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The Jacquerie Chapter 5 by Sidney Lanier
Then, as the passion of old Gris Grillon
A wave swift swelling, grew to highest height
And snapped a foaming consummation forth
With salty hissing, came the friar through
The mass. A stillness of white faces wrought
A transient death on all the hands and breasts
Of all the crowd, and men and women stood,
One instant, fixed, as they had died upright.
Then suddenly Lord Raoul rose up in selle
And thrust his dagger straight upon the breast
Of Gris Grillon, to pin him to the wall;
But ere steel-point met flesh, tall Jacques Grillon
Had leapt straight upward from the earth, and in
The self-same act had whirled his bow by end
With mighty whirr about his head, and struck
The dagger with so featly stroke and full
That blade flew up and hilt flew down, and left
Lord Raoul unfriended of his weapon.
The fool cried shrilly, 'Shall a knight of France
Go stabbing his own cattle?' And Lord Raoul,
Calm with a changing mood, sat still and called:
'Here, huntsmen, 'tis my will ye seize the hind
That broke my dagger, bind him to this tree
And slice both ears to hair-breadth of his head,
To be his bloody token of regret
That he hath put them to so foul employ
As catching villainous breath of strolling priests
That mouth at knighthood and defile the Church.'
The knife . . . . . [Rest of line lost.]
To place the edge . . . [Rest of line lost.]
Mary! the blood! it oozes sluggishly,
Scorning to come at call of blade so base.
Sathanas! He that cuts the ear has left
The blade sticking at midway, for to turn
And ask the Duke 'if 'tis not done
Thus far with nice precision,' and the Duke
Leans down to see, and cries, ''tis marvellous nice,
Shaved as thou wert ear-barber by profession!'
Whereat one witling cries, ''tis monstrous fit,
In sooth, a shaven-pated priest should have
A shaven-eared audience;' and another,
'Give thanks, thou Jacques, to this most gracious Duke
That rids thee of the life-long dread of loss
Of thy two ears, by cropping them at once;
And now henceforth full safely thou may'st dare
The powerfullest Lord in France to touch
An ear of thine;' and now the knave o' the knife
Seizes the handle to commence again, and saws
And . . ha! Lift up thine head, O Henry! Friend!
'Tis Marie, walking midway of the street,
As she had just stepped forth from out the gate
Of the very, very Heaven where God is,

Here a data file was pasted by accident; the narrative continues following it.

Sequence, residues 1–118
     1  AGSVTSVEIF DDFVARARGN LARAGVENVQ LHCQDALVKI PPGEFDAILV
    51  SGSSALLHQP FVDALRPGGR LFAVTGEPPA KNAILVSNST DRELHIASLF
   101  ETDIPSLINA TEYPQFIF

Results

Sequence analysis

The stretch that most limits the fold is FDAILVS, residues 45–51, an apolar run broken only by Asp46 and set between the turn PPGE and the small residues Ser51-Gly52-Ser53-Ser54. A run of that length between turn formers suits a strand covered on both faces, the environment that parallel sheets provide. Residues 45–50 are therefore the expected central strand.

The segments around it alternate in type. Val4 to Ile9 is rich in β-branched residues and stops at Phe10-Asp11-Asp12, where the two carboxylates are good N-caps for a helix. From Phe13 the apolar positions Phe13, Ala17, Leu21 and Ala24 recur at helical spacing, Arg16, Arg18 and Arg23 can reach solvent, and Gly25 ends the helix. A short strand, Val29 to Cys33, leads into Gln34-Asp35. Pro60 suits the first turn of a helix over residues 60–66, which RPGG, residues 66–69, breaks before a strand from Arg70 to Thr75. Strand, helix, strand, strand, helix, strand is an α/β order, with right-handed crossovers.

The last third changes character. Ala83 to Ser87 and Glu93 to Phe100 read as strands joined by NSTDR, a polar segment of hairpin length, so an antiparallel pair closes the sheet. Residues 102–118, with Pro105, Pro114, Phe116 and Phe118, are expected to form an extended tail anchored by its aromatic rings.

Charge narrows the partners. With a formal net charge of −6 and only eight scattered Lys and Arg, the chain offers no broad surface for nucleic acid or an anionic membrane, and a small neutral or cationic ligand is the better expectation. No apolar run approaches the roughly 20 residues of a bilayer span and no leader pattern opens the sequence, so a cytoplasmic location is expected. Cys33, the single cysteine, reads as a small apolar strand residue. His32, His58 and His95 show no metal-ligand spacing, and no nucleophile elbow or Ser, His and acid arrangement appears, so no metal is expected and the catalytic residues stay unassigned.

Still glittering with the God-shine on her! Look!
And there right suddenly the fool looked up
And saw the crowd divided in two ranks.
Raoul pale-stricken as a man that waits
God's first remark when he hath died into
God's sudden presence, saw the cropping knave
A-pause with knife in hand, the wondering folk
All straining forward with round-ringed eyes,
And Gris Grillon calm smiling while he prayed
The Holy Virgin's blessing.
Down the lane
Betwixt the hedging bodies of the crowd,
[Part of line lost.] . . . . majesty
[Part of line lost.] . . a spirit pacing on the top
Of springy clouds, and bore straight on toward
The Duke. On him her eyes burned steadily
With such gray fires of heaven-hot command
As Dawn burns Night away with, and she held
Her white forefinger quivering aloft
At greatest arm's-length of her dainty arm,
In menace sweeter than a kiss could be
And terribler than sudden whispers are
That come from lips unseen, in sunlit room.
So with the spell of all the Powers of Sense
That e'er have swayed the savagery of hot blood
Raying from her whole body beautiful,
She held the eyes and wills of all the crowd.
Then from the numbed hand of him that cut,
The knife dropped down, and the quick fool stole in
And snatched and deftly severed all the withes
Unseen, and Jacques burst forth into the crowd,
And then the mass completed the long breath
They had forgot to draw, and surged upon
The centre where the maiden stood with sound
Of multitudes of blessings, and Lord Raoul
Rode homeward, silent and most pale and strange,
Deep-wrapt in moody fits of hot and cold.